In South-East Asia, Indonesia is the largest economy. Moreover, the country counts 230 million inhabitants, which makes it the 4th biggest in the world. It has a diverse ethnic background, with many languages being spoken and several spiritual traditions being practiced. Another particularity of Indonesia is that it spreads on 17,000 islands, which adds to the diversity. As expected, its cuisine is also rich and varied.
A Culinary Journey
If you travel through Indonesia, you will surely enjoy a culinary journey. You can even get to know its history through its dishes. Indonesia has been influenced by China, India and Europe. Europeans had been in search of expensive spices such as cloves and nutmeg, and traders were drawn to exploring Indonesia for such riches. During the colonial times, the Portuguese introduced the peanuts. Noodles and soybeans came from the Chinese, while the Indians brought curries. Seafood is also abundant, given the presence of rich ocean waters. Also, considering the hot climate, it is easy to grow rice and soybeans.
The Use of Spices and Oils
Although the rest of Asia is very fond of spices, Indonesia rarely uses them. “Sambal” represents chilli condiments that come in small bottles or dishes to spice your food as desired. As for the oils, most meals are cooked with peanut oil. Therefore, if you are allergic, you should specify it.
Popular Meals in Indonesia
- Nasi Goreng is the local version of fried rice, very tasty. It is also very cheap and is eaten regularly at breakfast or dinner time. Its great flavor comes from garlic, tamarind, shallot, and chilli. You may also come along the Mie Goreng variety, which represents fried noodles.
- Satay is skewered meat that is grilled over charcoal, and you will come across it very frequently. It is made of chicken, goat, pork or beef and other ingredients that can be grilled on a stick. You can have Satay as a main meal or as quick snack. It is served with sambal or with peanut sauce.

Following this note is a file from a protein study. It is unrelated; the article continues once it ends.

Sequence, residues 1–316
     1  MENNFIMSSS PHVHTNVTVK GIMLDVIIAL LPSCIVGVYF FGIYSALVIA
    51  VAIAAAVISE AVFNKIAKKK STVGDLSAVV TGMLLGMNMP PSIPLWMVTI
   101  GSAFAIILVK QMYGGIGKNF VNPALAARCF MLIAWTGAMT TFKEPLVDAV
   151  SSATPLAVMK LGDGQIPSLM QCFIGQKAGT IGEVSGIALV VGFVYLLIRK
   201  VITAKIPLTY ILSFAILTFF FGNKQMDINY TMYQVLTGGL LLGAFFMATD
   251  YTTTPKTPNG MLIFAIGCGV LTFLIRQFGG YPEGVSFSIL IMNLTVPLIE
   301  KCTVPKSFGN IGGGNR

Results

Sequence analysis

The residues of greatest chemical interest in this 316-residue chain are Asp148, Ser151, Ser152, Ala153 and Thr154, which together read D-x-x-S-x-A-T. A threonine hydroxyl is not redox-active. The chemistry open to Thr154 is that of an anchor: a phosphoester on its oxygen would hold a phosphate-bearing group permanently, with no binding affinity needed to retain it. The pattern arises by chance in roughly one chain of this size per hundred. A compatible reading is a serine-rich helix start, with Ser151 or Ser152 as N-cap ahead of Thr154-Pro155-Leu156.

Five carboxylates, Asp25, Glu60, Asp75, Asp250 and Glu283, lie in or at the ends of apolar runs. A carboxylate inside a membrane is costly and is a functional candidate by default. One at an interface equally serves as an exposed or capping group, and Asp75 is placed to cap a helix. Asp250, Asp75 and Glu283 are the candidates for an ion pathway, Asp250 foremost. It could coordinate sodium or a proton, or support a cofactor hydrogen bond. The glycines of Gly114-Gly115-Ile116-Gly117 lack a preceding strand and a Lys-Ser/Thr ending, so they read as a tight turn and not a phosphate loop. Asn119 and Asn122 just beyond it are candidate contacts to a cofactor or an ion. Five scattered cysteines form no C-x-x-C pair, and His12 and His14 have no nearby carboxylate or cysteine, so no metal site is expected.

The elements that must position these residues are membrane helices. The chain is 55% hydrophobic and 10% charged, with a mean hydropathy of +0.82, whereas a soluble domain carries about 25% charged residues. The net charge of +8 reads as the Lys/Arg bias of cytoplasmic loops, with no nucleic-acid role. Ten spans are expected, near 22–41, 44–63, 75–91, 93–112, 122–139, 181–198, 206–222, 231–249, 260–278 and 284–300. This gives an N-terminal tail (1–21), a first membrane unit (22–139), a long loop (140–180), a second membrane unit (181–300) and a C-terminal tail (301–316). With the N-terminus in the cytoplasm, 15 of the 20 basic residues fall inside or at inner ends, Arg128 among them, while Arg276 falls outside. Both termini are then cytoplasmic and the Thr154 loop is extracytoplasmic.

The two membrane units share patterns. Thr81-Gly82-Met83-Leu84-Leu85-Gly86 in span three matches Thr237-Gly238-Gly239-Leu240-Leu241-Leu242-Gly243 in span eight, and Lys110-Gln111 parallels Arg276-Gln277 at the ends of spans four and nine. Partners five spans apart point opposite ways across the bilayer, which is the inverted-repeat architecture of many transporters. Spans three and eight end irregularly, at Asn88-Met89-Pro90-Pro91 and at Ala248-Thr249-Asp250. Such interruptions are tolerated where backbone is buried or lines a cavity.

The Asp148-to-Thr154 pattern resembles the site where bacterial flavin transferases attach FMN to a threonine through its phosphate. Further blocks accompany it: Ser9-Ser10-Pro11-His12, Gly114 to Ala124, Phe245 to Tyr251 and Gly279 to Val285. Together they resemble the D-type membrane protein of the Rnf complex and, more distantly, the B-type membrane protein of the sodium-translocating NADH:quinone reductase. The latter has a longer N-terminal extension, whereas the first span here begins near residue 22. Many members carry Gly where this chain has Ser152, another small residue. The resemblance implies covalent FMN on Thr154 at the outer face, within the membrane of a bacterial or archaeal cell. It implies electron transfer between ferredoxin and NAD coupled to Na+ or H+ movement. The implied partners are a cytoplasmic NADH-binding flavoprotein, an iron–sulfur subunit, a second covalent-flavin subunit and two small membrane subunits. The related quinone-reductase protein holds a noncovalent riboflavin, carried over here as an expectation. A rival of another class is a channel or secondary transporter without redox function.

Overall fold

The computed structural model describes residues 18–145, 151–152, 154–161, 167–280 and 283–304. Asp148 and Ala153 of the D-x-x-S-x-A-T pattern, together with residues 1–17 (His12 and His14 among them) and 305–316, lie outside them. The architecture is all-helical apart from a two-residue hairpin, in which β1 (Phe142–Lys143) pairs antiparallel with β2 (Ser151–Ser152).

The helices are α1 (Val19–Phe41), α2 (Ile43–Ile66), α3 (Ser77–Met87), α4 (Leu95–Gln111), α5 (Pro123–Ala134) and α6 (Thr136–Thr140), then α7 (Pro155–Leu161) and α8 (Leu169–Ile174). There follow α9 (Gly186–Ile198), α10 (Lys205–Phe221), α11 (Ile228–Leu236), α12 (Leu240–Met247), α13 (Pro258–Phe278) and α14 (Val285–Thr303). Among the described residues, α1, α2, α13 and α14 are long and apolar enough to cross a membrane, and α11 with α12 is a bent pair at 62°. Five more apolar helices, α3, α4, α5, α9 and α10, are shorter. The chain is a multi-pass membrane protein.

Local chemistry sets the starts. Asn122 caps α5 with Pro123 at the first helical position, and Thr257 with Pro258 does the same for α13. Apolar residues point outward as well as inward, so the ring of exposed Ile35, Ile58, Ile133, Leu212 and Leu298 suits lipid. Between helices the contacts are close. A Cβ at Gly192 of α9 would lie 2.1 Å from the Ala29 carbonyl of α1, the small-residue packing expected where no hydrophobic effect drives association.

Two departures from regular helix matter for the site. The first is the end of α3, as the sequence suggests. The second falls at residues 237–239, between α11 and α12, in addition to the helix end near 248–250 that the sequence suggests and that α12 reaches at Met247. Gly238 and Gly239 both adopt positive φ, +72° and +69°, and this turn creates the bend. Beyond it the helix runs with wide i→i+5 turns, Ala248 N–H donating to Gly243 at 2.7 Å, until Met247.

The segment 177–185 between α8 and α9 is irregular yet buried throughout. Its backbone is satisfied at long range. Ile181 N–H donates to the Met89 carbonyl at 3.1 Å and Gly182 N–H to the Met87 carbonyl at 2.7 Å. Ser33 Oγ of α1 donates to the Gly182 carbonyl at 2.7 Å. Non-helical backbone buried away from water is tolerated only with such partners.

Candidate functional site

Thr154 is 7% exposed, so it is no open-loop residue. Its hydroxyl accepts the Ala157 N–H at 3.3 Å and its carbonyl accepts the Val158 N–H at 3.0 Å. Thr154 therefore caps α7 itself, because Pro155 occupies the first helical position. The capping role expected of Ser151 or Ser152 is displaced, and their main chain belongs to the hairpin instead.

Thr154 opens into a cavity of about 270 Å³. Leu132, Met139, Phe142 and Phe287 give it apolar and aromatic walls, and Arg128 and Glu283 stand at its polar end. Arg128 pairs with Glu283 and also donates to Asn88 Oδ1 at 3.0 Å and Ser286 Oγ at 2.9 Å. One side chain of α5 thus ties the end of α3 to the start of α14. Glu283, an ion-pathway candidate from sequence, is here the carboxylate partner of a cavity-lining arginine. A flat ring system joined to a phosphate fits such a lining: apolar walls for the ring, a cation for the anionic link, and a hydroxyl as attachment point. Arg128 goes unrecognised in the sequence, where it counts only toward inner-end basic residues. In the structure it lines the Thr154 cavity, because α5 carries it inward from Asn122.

- Gado-Gado is a meal suitable to vegetarians. It consists of stir-fried vegetables which are coated with a thick peanut sauce that provides enough protein.
- Tempeh is made of fermented soybeans compressed into a cake and then fried or roasted. It goes with almost any dish and has a firm texture, being often used as a meat substitute.
The Eating Out Experience
The particularity of dining in Indonesian is that you will be served kerupuk along with your meal, which represent light crackers of prawns, and also fried egg. Some vegetarian meals are not what they seem, even though they are advertized as being so. Most dishes contain egg, therefore ask before you order. Concerning the cooking, this is usually done ahead of time, and the meal is served at room temperature. This is because most people have irregular schedules when it comes to eating.
The Dining Customs
First of all, use only your right hand when touching the food. The left one is used for toilet matters, and you should let it rest in your lap. In many of the restaurants outside the touristic areas, known as “Rumah Maken”, you will be expected to eat with your hands, without utensils. This is what locals do. Firstly, you have to dip just your right hand in the bowl on the table, which contains water and lime juice. When it comes to eating with utensils, take a fork in your left hand and a spoon in the right one.
If you travel from one Indonesian spot to another, you may have the surprise of coming across delicious variations of the popular dishes. Do not refuse yourself a culinary treat – travel far and wide and enjoy these exotic tastes.